A development by the nonprofit Native American Connections (NAC) planned for the Sunnyslope community that includes a 55-bed rehab center is causing controversy among neighbors adjacent to and near the site at 1431 E. Dunlap Ave.

NAC first acquired the property known as the Mountain Preserve Reception & Conference Center in March 2018 but has been working on a site plan before that, after having viewed the property last fall. The property was first listed for sale about two years ago.

The site currently has a large building dating back to the mid-1960s that has previously been used as a firefighters union hall, and boasts a large courtyard area that has been used for weddings. Area organizations such as the Sunnyslope Village Alliance have used the building in the past for various events and receptions.

Alan Stephenson, director of the Phoenix Planning and Zoning Department, talks with Peggy Shultz about ambient low-light options for the proposed Patina Mountain Preserve development, while Pat Dowd get assurances from Diana Yazzie Devine (seated), CEO of Native American Connections, that those in the proposed rehab center would not be released on foot into the adjacent community (photo by Teri Carnicelli).

The plan is to remodel that building inside and out, freshen up the courtyard, remodel another small building on the site, and construct a new, three-story multifamily apartment building on the west side of the property.

The development of dining facility with communal educational and crafting space, permanent supportive housing component with 55 units, and large multi-use courtyard are allowed by right under the R-5 multifamily zoning. However, it is the 55-beds for short-term, inpatient drug and alcohol rehabilitation that is causing the roadblock for the project.

In April of this year, the city of Phoenix passed a text amendment to its zoning code specifically related to these types of residentially based drug and alcohol rehab facilities. Any operations related to these kinds of facilities are now required to get a use permit from the city, whereas six months ago there was no need for the use permit, or the associated public hearing before a zoning administrator.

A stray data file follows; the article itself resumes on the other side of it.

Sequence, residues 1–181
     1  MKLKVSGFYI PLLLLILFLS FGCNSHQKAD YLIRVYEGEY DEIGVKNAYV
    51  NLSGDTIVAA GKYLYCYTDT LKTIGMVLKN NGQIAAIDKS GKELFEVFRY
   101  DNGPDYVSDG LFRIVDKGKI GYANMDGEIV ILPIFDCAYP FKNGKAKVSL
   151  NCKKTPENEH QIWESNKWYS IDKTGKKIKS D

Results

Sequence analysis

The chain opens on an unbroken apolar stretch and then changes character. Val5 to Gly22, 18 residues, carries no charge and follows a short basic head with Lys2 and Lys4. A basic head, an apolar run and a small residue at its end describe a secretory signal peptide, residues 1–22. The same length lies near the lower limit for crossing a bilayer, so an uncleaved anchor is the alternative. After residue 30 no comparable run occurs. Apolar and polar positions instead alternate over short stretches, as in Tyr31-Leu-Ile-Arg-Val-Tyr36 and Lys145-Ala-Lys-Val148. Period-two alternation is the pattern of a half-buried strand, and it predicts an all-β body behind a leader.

The use permit process required NAC to post a sign on the property regarding the zoning hearing, and to notify via mail all property owners within 150 feet of the project’s address. NAC followed those requirements, but many homeowners nearby—but outside the 150-foot radius—were angered that NAC didn’t make more of an effort to notify them, particularly since this type of project doesn’t typically garner neighborhood support.

They accused NAC of trying to slip the Patina Mountain Preserve project under the radar and drop a bomb on their neighborhood that they contend will significantly harm their property values.

Supporters of NAC point to its long history in Phoenix, and its many high-quality projects that dot the city.

NAC started in Phoenix in 1972 as a grassroots organization to operate a safe haven for Native Americans recovering from substance abuse. Since that time it has grown into a multi-service, community-wide organization, with a host of behavior health and housing programs that serve all members of the community.

“The only program we had at the beginning was residential alcohol and drug treatment. This is not something new for us,” pointed out Diana Yazzie Devine, CEO of Native American Connections.

Some neighbors who were at first opposed to the Patina Mountain Preserve project were invited to tour some of NAC’s other, similar developments, and ultimately spoke in favor of the Sunnyslope plan at the Phoenix Zoning Administrator hearing on Sept. 20. Even one man who lives directly across the street from the project said he is now in favor of it.

But the vast majority of people who spoke at the hearing, as well as a community meeting held on Sept. 6 that drew more than 100 residents, were strongly opposed to it. A website has been launched in opposition to the project: www.ResidentialNotRehab.com.